Tonight I sleep at the Milan Malpensa airport, awaiting a 7:10am flight to London.
Yep… A lot has happened within the past few days. My parents are traveling to London soon and I plan to meet them there, but I’ve decided to go a week earlier because… well honestly I just want a little change. I know I know, that sounds a little odd coming from someone who’s traveling, where every day is different. But as adventurous as Sardinia is, it has exhausted me.
After booking my flight to London, my contact at the school that my internship is at said they will need to push the start date back until the beginning of November… Another month. So after a stressful bit of thinking and trying to figure out how I’m going to budget the remaining money I have to cover the next month, I’ve decided I will remain in the United Kingdom until November using Workaway. I only have about a month left of my tourist visa in the Schengen Zone, so going to the UK and getting their tourist visa will allow me to stay in Europe without cutting it too close. I already have something lined up for my first week in England; volunteering for a lovely vegetarian couple in Wadhurst, East Sussex. After the Workaway, I will be meeting up with my parents in London.
Sardinia is beautiful; absolutely an incredible adventure.
Although it definitely wasn’t easy. For the past week, ever since leaving Genova, I’ve been traveling day-by-day with no plan whatsoever; waking up in the mornings not quite knowing where I’d sleep in the evenings. In fact two, soon to be three, cases sleeping on the floor! It was thrilling and adventurous, yet exhausting. Mainly because of the large amount of luggage I’m carrying. If I was traveling lighter, it definitely wouldn’t be so strenuous. With that being said, I’m very much looking forward to being in one place for an extended period of time.
But ultimately I really enjoyed Sardinia! The culture of the island is nothing like I’ve seen in other parts of Italy that I’ve visited. It’s tough and rugged; the culture, architecture, and the people. Not in a negative light of course! Cagliari is very mystical, with its winding streets in the medieval center and with cultures from all corners of the Mediterranean. Shops and merchants selling everything from traditional Sardinian sweets to fabrics from Northern Africa and the Middle East.
After my time in Quartu Sant’Elena, I returned to the marina of Cagliari in the center and took a bus to the top of a hill overlooking the city. I hopped off at Cittadella dei Musei, offering a gorgeous panorama of the surrounding areas. I could even see Quartu Sant’Elena and Poetto Beach from there!
I walked downhill to Piazza dell’Indipendenza, and further to Cattedrale di Cagliari (Cattedrale di Santa Maria Assunta e Santa Cecilia) and meditated there for a while. The contrast of the white sand-colored exterior and the extravagantly-decorated interior was magnificent. I strolled a little more to Bastione di San Remy, with a lovely overlook of the marina. The architecture and surrounding environment of this city is really something else. I’m amazed and breath-taken every where my eyes stray.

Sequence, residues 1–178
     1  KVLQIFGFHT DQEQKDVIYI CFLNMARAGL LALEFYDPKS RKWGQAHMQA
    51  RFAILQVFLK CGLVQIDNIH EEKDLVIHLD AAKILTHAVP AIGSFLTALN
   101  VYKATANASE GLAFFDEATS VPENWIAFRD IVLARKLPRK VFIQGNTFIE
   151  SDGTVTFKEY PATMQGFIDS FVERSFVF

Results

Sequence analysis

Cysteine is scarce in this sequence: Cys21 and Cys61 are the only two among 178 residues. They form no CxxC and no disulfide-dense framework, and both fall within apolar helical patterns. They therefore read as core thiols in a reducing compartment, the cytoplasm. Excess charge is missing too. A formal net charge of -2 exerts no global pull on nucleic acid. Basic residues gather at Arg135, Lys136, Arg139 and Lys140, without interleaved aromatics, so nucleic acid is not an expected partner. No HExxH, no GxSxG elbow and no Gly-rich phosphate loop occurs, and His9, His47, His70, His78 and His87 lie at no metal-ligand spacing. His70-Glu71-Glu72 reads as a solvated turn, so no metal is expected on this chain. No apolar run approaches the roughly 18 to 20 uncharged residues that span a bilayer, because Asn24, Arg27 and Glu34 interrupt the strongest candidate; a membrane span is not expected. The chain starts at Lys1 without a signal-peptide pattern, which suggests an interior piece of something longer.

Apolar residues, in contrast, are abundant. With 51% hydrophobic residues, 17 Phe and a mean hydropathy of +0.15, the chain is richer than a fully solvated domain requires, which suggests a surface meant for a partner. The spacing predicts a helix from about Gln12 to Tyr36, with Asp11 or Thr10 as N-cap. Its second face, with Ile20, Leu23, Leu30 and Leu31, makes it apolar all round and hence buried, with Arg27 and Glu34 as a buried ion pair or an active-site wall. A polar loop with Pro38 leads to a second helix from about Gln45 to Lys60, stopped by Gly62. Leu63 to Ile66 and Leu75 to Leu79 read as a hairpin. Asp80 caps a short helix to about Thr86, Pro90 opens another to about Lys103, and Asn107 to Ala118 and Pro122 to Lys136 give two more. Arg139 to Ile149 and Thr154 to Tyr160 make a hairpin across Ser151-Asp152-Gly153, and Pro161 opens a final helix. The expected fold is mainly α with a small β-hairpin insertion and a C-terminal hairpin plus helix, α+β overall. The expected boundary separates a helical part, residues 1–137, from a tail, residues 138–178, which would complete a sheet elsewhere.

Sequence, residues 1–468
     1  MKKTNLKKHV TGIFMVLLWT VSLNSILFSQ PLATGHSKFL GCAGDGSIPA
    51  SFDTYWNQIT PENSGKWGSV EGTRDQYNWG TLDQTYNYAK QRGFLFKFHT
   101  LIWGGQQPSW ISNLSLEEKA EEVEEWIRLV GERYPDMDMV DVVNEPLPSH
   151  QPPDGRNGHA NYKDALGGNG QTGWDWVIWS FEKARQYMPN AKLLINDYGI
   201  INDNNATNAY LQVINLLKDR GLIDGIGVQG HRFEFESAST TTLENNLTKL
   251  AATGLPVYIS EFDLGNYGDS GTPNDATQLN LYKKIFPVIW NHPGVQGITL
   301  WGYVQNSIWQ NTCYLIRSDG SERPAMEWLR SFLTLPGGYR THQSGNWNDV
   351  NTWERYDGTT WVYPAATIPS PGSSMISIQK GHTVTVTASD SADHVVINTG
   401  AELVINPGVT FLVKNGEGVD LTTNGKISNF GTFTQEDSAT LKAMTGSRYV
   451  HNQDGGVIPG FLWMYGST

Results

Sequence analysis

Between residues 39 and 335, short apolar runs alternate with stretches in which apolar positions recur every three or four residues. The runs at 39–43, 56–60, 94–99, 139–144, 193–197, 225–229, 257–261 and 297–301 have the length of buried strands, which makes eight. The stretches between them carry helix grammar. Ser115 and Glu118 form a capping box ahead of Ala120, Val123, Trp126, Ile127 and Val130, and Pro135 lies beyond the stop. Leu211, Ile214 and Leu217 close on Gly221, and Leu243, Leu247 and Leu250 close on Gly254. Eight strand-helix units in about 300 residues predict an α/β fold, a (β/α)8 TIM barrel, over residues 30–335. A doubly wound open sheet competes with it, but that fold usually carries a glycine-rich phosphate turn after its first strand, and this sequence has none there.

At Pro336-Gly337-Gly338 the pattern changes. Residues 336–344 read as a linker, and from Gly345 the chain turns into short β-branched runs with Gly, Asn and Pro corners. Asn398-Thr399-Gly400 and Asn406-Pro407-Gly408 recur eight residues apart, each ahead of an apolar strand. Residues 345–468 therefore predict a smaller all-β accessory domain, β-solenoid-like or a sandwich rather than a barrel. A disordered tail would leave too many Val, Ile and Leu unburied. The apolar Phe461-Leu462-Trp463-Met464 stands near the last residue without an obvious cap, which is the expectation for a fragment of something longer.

After my last night in Cagliari, things began moving very quickly. I took a train to Olbia, where I caught a ferry back the the Italian mainland; Livorno. From there, after struggling to find my way to the train station from the port at 7:00am on a Sunday when public buses don’t begin running until to hours later, I took a train to Florence where I would stay the night. It was really nice to be back in Florence! As a matter of fact, I never wrote about my earlier experiences but this is actually my third time visiting Florence during my travels in Italy. I was there about a month ago on a weekend away from Siena where met a group of very friendly Dutch travelers who love to drink; naturally we all got along very well! I discovered that the Dutch really know how to drink, I was struggling just to keep up! But anyways I’m getting off topic… This time in Florence, I wanted to plan my next few days and I didn’t want to spend any money, so I really didn’t care about meeting people at the hostel. But alas, my friendly nature got the best of me. Yet I have no regrets because I met two wonderful people, a Russian named Liza and an Egyptian named Khaled, and we spent a lot of time in deep, provocative conversation. I even FINALLY found myself a good margarita!! It’s taken me this long, but I found it in a little Mexican hole in the wall in an old cellar.
The next morning, I took a bus to Milan, stayed in the cheapest hostel I could find, then took the train to Malpensa the next day.
And here we are; full circle. I’ve made a little nook between a bench and the wall using my luggage and a jacket. Not the most comfortable place I’ve slept, but it beats the wooden floor of a dirty hallway on a swaying ship from Sardinia. Life really is an adventure, isn’t it..?